Order of precedence is simply a notional convenience. There is no notion of strength here, just notation. All three operators are unary operators with notation "$\circ\ \cdot$", where $\circ$ denotes ...
Discrete lizard's user avatar
  • 8,248
16 votes

Why is A implies B true if A is false and B is false?

It's a convention -- we could use a different one, but this one is convenient. Here's what Terence Tao says: This is discussed in Appendix A.2 of my book [Analysis 1]. The notion of implication ...
Hatshepsut's user avatar
15 votes

Testing whether an arbitrary proof is circular?

The vast majority of proof systems don't allow for infinite, circular proofs, but they do so by making their langauges non-Turing complete. In a normal functional language, the only way to make a ...
Joey Eremondi's user avatar
15 votes
Accepted

Proving tautology with coq

You cannot prove it in "vanilla" Coq, because it is based on intuitionistic logic: From a proof-theoretic perspective, intuitionistic logic is a restriction of classical logic in which the law of ...
Anton Trunov's user avatar
  • 3,479
15 votes
Accepted

What is a "contradiction" in constructive logic?

It is immaterial whether we speak about constructive or classical logic in this situation. If you read your questions again, you will see that they apply to boths kinds. The only difference that we ...
Andrej Bauer's user avatar
  • 30.8k
14 votes
Accepted

Predicate Logic Notation: What does a "dot" mean?

The dot just means "such that"; it's often omitted. The difference between the two formulas is the difference between "everybody has a mother" and "there is somebody who is everybody's mother."
David Richerby's user avatar
14 votes
Accepted

What is the difference between strong normalization and weak normalization in the context of rewrite systems?

Weak normalization means that any term has a terminating rewriting sequence, i.e. admits a finite amount of rewritings which lead to a normal form (no more rewritings from that). Strong normalization ...
chi's user avatar
  • 14.6k
14 votes

Deterministic SAT solver

Core algorithms like DPLL and its refinements like CDCL are completely deterministic. Note that non-determinism doesn't necessarily mean that an algorithm may lead to a wrong result. For example we ...
Martin Berger's user avatar
14 votes

Is the halting problem theorem really proven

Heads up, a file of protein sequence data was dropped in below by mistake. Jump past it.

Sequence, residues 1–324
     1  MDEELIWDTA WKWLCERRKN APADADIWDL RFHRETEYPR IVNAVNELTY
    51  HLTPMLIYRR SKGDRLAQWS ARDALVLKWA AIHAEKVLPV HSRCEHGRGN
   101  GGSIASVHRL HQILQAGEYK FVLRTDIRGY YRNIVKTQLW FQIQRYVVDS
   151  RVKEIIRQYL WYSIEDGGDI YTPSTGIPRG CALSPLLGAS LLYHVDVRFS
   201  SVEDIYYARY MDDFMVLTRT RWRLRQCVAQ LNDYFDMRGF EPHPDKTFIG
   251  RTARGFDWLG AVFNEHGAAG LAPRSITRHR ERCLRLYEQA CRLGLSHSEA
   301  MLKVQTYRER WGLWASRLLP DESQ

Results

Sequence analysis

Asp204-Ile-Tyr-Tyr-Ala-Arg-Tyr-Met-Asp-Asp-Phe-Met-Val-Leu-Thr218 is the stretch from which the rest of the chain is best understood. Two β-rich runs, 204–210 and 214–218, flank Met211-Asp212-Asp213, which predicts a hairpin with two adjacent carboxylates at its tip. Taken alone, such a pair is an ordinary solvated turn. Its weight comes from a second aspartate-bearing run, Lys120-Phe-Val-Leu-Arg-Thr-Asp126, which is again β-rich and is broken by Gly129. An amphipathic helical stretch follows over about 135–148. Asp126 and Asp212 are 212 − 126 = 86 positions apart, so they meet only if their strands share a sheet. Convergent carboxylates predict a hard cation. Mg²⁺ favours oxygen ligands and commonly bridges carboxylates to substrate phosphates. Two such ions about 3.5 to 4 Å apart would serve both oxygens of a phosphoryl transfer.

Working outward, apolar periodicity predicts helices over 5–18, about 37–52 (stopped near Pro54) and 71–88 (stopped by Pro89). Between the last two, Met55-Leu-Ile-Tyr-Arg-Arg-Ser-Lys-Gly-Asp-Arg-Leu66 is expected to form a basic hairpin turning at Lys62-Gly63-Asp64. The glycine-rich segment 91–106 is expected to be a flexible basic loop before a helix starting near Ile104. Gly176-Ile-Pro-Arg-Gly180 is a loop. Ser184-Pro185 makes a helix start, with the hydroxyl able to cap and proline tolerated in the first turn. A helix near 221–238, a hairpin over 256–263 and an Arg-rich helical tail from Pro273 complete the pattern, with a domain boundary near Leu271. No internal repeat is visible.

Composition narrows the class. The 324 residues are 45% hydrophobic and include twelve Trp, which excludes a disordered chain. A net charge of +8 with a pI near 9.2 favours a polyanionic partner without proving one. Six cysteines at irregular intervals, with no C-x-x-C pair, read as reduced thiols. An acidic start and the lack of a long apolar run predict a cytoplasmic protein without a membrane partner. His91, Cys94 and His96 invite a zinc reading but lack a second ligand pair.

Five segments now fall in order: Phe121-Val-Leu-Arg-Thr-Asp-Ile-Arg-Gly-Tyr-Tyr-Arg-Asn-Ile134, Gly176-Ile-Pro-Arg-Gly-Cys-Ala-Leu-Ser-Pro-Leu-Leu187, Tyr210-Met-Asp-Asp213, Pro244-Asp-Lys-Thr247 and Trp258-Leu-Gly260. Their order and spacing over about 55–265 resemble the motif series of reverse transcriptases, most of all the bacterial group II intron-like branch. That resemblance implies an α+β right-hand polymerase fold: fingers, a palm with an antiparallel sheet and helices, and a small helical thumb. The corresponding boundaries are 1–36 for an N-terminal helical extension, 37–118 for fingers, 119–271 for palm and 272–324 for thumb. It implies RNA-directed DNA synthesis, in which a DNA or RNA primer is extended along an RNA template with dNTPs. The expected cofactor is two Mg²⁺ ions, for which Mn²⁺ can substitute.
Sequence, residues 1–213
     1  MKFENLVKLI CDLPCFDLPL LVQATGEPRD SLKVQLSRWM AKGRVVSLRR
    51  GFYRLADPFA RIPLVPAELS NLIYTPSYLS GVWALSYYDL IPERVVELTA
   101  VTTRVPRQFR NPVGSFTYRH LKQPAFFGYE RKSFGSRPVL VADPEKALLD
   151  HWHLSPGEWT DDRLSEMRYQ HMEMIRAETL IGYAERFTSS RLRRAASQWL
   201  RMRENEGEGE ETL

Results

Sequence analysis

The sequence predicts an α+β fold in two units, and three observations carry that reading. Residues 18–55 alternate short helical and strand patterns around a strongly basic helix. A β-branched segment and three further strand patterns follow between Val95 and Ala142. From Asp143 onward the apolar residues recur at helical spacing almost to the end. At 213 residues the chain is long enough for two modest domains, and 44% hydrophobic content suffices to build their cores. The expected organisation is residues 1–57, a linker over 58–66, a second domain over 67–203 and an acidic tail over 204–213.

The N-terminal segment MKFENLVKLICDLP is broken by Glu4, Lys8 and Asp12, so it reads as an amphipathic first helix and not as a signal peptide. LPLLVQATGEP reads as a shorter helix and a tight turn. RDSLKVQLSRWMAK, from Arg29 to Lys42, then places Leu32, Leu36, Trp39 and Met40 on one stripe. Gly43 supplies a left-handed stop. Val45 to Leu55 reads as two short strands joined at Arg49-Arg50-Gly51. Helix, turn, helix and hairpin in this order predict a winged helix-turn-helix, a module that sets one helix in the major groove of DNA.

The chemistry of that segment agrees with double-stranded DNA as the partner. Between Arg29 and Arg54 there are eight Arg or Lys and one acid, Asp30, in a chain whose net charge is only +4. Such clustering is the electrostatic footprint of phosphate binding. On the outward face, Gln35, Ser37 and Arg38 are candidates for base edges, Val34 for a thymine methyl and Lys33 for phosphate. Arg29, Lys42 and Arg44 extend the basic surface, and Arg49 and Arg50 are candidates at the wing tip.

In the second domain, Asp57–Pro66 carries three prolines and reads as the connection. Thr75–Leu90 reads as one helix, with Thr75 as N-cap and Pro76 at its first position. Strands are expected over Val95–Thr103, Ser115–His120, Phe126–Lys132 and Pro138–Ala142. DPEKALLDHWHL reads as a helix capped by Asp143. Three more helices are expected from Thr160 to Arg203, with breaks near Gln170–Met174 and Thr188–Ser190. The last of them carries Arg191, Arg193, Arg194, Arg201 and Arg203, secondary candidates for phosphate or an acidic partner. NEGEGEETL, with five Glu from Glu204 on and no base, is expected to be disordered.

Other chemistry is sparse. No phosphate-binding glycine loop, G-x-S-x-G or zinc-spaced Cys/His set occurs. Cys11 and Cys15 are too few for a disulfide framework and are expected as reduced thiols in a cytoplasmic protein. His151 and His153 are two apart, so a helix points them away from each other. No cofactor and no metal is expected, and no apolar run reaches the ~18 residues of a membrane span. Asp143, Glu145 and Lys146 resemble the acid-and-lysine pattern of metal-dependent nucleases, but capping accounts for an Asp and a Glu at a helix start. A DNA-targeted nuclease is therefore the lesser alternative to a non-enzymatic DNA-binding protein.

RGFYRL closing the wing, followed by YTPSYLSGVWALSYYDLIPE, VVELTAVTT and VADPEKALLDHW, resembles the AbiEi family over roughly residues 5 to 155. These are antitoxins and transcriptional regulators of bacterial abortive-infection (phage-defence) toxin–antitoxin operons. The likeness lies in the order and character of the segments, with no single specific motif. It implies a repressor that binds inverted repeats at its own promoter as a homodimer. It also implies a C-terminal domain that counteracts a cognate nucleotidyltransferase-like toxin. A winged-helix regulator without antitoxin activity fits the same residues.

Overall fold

Any proof of the undecidability of the halting problem is specific to some model of computation. The proof is usually stated using Turing machines, which don't have call stacks or any other bells or ...
David Richerby's user avatar
14 votes
Accepted

Question on the "Tutorial implementation of dependently typed lambda calculus"

$\mathsf{id}$ and $\mathsf{const}$ are not variables of the calculus, but syntactic sugar for $\lambda x \rightarrow x$ and $\lambda x \rightarrow \lambda y \rightarrow x$ respectively. This is stated ...
Gilles 'SO- stop being evil''s user avatar
13 votes
Accepted

How to read out a double negation in propositional logic

One way to pronounce "~" is as "not", so one could pronounce that as "not not R". But frankly, pronouncing complex logic formulas can be ugly, and often it's better to just write it on a whiteboard ...
D.W.'s user avatar
  • 161k
13 votes
Accepted

Intuition behind the Hadamard gate

The Hadamard gate might be your first encounter with superposition creation. When you say you can relate the usefulness of the Pauli $X$ gate (a.k.a. NOT) to its ...
The Vee's user avatar
  • 418
13 votes
Accepted

Is this a generic way to convert any recursive procedure to tail-recursion?

Your description of your algorithm is really too vague to evaluate it at this point. But, here are some things to consider. CPS In fact, there is a way to transform any code into a form that uses ...
Nathan Davis's user avatar
13 votes
Accepted

Monadic Second Order Logic for Dummies

What is second order logic in contrast to first order logic? What is monadic vs non monadic logic? Monadic second-order logic is first-order logic plus quantification over sets. So, as well as ...
David Richerby's user avatar
13 votes
Accepted

Representing binary functions with a finite gate set without exponential blow-up?

No. No matter what representation of functions as circuits/formulas you use, there will exist some functions that require exponential size to represent. This was proven by Shannon in 1949. See ...
D.W.'s user avatar
  • 161k

Only top scored, non community-wiki answers of a minimum length are eligible